Midnight Oil

NMOC Re: [Powderworks] Astrophysicist Worker

Mathias Hermansson hermanator51 at hotmail.com
Thu Oct 30 03:37:25 MST 2003

If it counts, I am also a Master ocf Science in Engineering Physics who 
studied som Astronomy, but not much. And yes, I have read some cosmology 
(and some quantum physics as well), but now I have been working as a 
computer guy for the last six years so I have forgotten most of that :-(

Just for the record.

>I'm a software guy by profession, but physics in general
>and astrophysics in particular, especially as it relates
>to cosmology, are major interests of mine.  Right now I'm
>slowly making my way through Martin Rees' "New Perspectives
>in Astrophysical Cosmology," which I had to put down for a
>while because my (signed!) copy of Wille's showed up.  Well,
>hey, at least I have my priorities straight!
>I also like learning about particle physics and theory,
>although I'm nowhere near the math whiz I'd need to be to
>have any real depth of understanding in that field.  But
>what the hell, it's still fascinating.
>What really interests me, though, is the juxtaposition of
>the two in the early universe, during and shortly after
>the Big Bang.  In its first fraction of a second, the
>Universe was this incredibly dense, incredibly hot jumble
>of particles and radiation all flying around, expanding
>and cooling rapidly, and what really dominated at that time
>was the interactions between the particles and radiation.
>We can extrapolate backward from what we know today about
>those interactions, and we think we have a pretty good
>idea how things must've gone in the big bang, at least
>after the first ten-to-the-minus-thirtieth of a second.
>Those interactions determined the abundance of hydrogen
>and other light elements in the early universe, and the
>hydrogen gas started clumping togther in increasing
>amounts under gravitational attraction to form the first
>stars and galaxies.  Heavier elements were forged inside
>those stars, and scattered around the universe when some
>of the stars ended their lives as supernovas.  The
>gravitational clumping started again, this time with
>other elements mixed in with the hydrogen, and eventually,
>over a few more cycles, some of those clumps formed into
>solar systems and planets and stuff... and here we are.
>At least, that's what we think happened.
>So, if that's true, then quite literally, we are all
>made of stardust.  Gotta love that!
>I could ramble on for hours about all of this stuff.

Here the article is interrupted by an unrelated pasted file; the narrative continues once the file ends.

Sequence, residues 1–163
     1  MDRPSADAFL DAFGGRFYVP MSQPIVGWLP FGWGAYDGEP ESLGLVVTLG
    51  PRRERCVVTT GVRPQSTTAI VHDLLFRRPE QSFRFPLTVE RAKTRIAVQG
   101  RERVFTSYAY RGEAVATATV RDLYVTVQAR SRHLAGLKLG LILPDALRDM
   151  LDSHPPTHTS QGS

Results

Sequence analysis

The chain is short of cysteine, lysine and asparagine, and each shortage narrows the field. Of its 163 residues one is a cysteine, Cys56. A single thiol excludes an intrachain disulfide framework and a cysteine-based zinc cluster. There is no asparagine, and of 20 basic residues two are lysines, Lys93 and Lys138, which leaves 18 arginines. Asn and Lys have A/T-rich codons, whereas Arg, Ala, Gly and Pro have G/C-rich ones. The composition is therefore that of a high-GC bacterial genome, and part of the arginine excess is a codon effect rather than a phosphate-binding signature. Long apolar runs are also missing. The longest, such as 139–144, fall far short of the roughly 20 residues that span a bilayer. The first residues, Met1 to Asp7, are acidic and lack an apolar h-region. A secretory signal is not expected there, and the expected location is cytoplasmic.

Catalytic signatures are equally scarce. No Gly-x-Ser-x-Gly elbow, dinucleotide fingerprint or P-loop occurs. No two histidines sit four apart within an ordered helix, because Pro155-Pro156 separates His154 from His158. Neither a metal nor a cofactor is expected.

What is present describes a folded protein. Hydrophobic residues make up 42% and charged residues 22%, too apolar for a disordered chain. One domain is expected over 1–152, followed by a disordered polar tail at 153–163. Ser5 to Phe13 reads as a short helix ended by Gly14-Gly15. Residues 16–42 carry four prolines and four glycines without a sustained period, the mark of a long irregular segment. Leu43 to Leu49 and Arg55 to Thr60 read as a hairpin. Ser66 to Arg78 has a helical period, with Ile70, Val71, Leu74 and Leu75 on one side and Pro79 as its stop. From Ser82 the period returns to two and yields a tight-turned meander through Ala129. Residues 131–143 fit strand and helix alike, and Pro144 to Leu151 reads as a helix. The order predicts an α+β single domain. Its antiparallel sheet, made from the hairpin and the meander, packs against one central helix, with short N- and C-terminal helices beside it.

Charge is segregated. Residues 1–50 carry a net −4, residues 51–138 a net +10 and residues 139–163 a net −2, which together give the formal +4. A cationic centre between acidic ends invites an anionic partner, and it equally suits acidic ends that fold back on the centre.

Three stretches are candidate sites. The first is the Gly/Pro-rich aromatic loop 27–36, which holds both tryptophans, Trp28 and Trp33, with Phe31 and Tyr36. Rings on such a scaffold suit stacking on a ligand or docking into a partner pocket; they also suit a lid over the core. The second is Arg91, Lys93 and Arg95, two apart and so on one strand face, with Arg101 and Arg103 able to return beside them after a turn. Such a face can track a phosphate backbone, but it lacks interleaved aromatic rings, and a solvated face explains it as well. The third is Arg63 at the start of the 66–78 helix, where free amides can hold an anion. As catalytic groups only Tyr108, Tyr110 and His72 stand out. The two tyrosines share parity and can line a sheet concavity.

>It's all interesting to me, and there are just so many
>Big Questions in here.  For example:
>How (or better, why) did the fundamental forces and laws
>of nature become established with the values and properties
>they have today, so that the universe could evolve the way
>it has, allowing the existence of conscious beings who are
>able to contemplate such ideas?  If the strengths of any of
>the four forces had been even the tiniest bit different,
>we would not be here to think about it.  Not in our current
>forms, anyway.
>Or, why are there so many different kinds of particles?
>Are they all just different forms of the same thing, as
>string theory suggests?  What purpose do they serve, aside
>from intriguing scientists?
>Or, why do particles exhibit quantum behavior, anyway?
>Will we ever truly understand the wave-particle duality?
>Or, what causes the gamma-ray bursts we've been detecting?
>Something really big blowing up?  Black holes eating stars?
>(Apparently it's a good thing we don't detect those any
>closer than we do.)
>Or, why does the universe appear to not only be expanding,
>but expanding at an increasing rate?  What's up with THAT?
>Or, just what the hell is dark matter, anyway?  Neutrinos?
>Something else?  What?  WHAT?
>It's all totally cosmic!  And the more we learn, the
>weirder it gets.
>And my main regret about being mortal is that it's unlikely
>I'll ever find out the answers to most of those questions.
>Oh well... at least there's good music to listen to while
>I ponder the mysteries.
>	o-o
>	\_/   Andy
>-----Original Message-----
>From: Powderworks (on behalf of Patrick Collins)
>Subject: NMOC Re: [Powderworks] Astrophysicist Worker
>Sorry, it's not me, but I thought I was the only one.  How many other
>astrophysicist powderworkers are there?
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>Powderworks at cs-lists.cs.colorado.edu

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